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Re: [Qemu-devel] [PATCH 0/9] QMP: Introduce incremental drive-backup wit

From: Stefan Hajnoczi
Subject: Re: [Qemu-devel] [PATCH 0/9] QMP: Introduce incremental drive-backup with in-memory dirty bitmap
Date: Fri, 17 Jan 2014 17:25:23 +0800
User-agent: Mutt/1.5.21 (2010-09-15)

On Mon, Jan 13, 2014 at 06:39:39PM +0800, Fam Zheng wrote:
> This implements incremental backup.
> A few new QMP commands related to dirty bitmap are added:
>     dirty-bitmap-add *
>     dirty-bitmap-disable *
>     dirty-bitmap-remove
>     (*: also supported as transactions)
> As their name implies, they manipulate a block device's dirty bitmap. This
> doesn't interfere with dirty bitmap used for migration, backup, mirror, etc,
> which don't have a name and are invisible to user. Only named bitmaps (created
> by dirty-bitmap-add) can be disabled/removed by user.
> They are added to support "user controlled write tracking", so as to determine
> the range of date for incremental backup.
> A new sync mode for drive-backup is introduced:
>     drive-backup device=.. mode=.. sync=dirty-bitmap bitmap=bitmap0
> Which will scan dirty bitmap "bitmap0" and only copy all dirty sectors to
> target.
> Now, let's see the usage with a simple example:
>     # Start the guest
>     vm = VM()
>     vm.start()
>     # Fake some guest writes with "qemu-io", this is before creating dirty
>     # bitmap, so it won't be copied
>     vm.hmp('qemu-io ide0-hd0 "write -P 0xa 512k 1M"')
>     # Create a dirty bitmap to track writes
>     vm.qmp("dirty-bitmap-add", device="ide0-hd0", name="dirty-0")
>     # Fake some more guest writes with "qemu-io", this will be copied
>     vm.hmp('qemu-io ide0-hd0 "write -P 0xa 512M 1M"')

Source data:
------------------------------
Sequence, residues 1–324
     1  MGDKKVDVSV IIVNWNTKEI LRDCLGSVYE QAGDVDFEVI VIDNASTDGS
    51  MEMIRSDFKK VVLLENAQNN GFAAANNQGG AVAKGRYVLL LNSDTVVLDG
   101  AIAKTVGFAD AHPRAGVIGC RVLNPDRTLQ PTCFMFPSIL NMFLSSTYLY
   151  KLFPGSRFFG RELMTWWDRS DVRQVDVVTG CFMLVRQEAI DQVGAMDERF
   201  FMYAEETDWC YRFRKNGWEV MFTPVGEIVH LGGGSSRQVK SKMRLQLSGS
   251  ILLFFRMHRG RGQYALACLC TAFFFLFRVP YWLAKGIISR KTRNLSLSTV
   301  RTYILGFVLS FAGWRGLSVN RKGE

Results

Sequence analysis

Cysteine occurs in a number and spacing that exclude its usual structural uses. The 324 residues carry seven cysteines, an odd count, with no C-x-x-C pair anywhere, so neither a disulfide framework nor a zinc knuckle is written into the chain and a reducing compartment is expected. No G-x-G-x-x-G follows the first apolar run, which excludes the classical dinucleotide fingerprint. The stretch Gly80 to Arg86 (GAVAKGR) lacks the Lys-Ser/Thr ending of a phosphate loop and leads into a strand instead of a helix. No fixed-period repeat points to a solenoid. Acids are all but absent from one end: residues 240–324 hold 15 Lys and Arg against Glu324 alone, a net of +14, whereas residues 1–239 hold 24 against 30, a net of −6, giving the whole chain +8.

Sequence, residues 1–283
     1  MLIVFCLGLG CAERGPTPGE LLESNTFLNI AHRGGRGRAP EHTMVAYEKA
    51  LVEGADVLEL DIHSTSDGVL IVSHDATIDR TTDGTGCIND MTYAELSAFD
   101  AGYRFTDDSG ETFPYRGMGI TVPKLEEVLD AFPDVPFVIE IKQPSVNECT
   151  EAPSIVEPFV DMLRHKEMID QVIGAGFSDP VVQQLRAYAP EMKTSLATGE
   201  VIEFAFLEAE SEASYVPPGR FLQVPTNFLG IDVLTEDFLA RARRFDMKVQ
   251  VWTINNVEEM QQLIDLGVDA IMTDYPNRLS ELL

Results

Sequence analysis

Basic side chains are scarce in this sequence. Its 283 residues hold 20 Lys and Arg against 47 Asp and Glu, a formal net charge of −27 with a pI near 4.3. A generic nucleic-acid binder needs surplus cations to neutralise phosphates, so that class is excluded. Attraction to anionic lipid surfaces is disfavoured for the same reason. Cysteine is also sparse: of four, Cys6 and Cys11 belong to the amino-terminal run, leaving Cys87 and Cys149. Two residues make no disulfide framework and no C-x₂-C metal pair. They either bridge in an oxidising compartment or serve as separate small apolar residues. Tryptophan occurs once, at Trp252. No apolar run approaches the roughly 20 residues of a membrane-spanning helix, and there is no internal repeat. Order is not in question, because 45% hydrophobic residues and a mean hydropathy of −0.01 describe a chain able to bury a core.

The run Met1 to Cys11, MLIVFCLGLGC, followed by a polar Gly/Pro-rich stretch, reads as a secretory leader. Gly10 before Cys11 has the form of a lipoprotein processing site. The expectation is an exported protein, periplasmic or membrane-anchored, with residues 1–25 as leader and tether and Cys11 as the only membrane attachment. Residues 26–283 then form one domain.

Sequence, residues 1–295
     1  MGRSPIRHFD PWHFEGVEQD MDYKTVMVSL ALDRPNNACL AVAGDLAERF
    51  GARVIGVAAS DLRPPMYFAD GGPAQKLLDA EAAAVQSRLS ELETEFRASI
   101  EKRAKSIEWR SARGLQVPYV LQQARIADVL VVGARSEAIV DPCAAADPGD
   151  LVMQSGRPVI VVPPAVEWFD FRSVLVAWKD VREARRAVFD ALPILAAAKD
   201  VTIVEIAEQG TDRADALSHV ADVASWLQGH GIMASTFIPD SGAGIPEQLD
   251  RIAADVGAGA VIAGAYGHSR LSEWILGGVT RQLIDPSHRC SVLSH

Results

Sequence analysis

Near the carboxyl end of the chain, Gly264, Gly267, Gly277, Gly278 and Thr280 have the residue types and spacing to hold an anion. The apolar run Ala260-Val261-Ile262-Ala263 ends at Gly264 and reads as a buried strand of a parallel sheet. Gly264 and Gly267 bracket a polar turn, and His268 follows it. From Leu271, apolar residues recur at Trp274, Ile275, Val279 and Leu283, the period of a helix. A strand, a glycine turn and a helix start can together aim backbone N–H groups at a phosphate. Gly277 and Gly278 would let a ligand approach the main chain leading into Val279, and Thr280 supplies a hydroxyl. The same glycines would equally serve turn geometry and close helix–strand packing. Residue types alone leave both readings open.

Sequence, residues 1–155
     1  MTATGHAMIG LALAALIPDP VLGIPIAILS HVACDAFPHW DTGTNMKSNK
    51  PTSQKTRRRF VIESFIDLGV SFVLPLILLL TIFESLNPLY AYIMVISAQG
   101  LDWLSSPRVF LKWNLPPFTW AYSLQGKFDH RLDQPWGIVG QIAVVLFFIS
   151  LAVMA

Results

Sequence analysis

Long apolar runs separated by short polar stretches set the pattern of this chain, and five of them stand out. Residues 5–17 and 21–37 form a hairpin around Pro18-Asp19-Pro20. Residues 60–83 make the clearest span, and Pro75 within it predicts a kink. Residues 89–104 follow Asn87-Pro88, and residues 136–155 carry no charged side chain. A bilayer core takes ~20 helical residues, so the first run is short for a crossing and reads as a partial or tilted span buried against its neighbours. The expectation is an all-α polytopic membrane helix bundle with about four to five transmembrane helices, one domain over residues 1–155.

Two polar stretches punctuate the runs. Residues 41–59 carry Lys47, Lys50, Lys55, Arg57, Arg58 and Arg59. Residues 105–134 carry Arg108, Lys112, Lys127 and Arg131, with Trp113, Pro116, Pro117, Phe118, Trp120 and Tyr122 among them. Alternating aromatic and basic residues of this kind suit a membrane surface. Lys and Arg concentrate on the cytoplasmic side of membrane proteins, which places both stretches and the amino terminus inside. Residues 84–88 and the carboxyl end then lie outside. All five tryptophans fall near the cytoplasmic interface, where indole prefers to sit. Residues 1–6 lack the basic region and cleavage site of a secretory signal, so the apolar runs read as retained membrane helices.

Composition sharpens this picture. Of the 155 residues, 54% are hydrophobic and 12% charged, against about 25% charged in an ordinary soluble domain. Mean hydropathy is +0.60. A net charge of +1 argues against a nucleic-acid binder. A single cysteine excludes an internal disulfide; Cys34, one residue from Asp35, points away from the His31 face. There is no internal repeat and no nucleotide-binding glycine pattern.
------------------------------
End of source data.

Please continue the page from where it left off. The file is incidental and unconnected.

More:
>     # Now "disable" the first dirty bitmap, do the backup according to it,
>     # at meantime continue to track dirty with a new dirty bitmap
>     vm.qmp("transaction", actions=[
>         {
>             'type': 'dirty-bitmap-disable', 'data': {
>                 'device': 'ide0-hd0',
>                 'name': 'dirty-0'
>             }
>         }, {
>             'type': 'dirty-bitmap-add', 'data': {
>                 'device': 'ide0-hd0',
>                 'name': 'dirty-1'
>                 }
>         }, {
>             'type': 'drive-backup', 'data': {
>                 'device': 'ide0-hd0',
>                 'target': '/tmp/incre.qcow2',
>                 'bitmap': 'dirty-0',
>                 'sync': 'dirty-bitmap'
>                 }
>             }
>         ])
>     # Once backup job started, the dirty bitmap can be removed (actually only
>     # hidden from user since it is still referenced by block job
>     vm.qmp("dirty-bitmap-remove", device="ide0-hd0", name="dirty-0")

I'm interested in the lifecycle of a dirty bitmap (but haven't reviewed
the patches yet).  In particular, what happens if a bitmap is added to
more than one drive?  Is there a more elegant way to handle the disable,
drive-backup, remove step (we only need to explicitly disable because we
still need the bitmap name for the drive-backup command)?  Also what
happens if we add the bitmap again after disabling?

No need to answer all these questions, but it suggests the interface
exposes a bit of complexity.  Maybe it's possible to make it simpler and
easier to use?

> P.S. Persistent dirty bitmap could be built on top of this series, but is not
> yet implemented, because the storage format and integrity measures are not
> quite clear for now. The discussion is still open and any questions, ideas, 
> use
> cases and concerns are all welcome!

It's desirable to keep dirty bitmaps in separate files.  That way they
can be used with any image format (raw, qcow2, etc).

For performance, the dirty bitmap is maintained in memory.  Keeping the
persistent dirty bitmap consistent would be very expensive since it
requires an fdatasync(2) before each write request.

I think it's reasonable to only write out the in-memory bitmap on
shutdown or live migration.  If the QEMU process crashes it is not safe
to trust the dirty bitmap; a full backup must be performed.

The persistent bitmap file must contain:
1. Bitmap granularity (e.g. 64 KB)
2. The actual bitmap (1 TB disk @ 64 KB granularity = 2 MB bitmap)
3. Flags including a "clean" bit

When QEMU activates the persistent dirty bitmap, it clears the "clean"
flag.  When QEMU deactivates and finishes writing out the dirty bitmap,
it sets the "clean" flag.

The "clean" flag is used to tell whether the persistent bitmap file is
safe to use again.

The file contains no information about the VM or disk image.  It's up to
the user or management tool to keep track of files.

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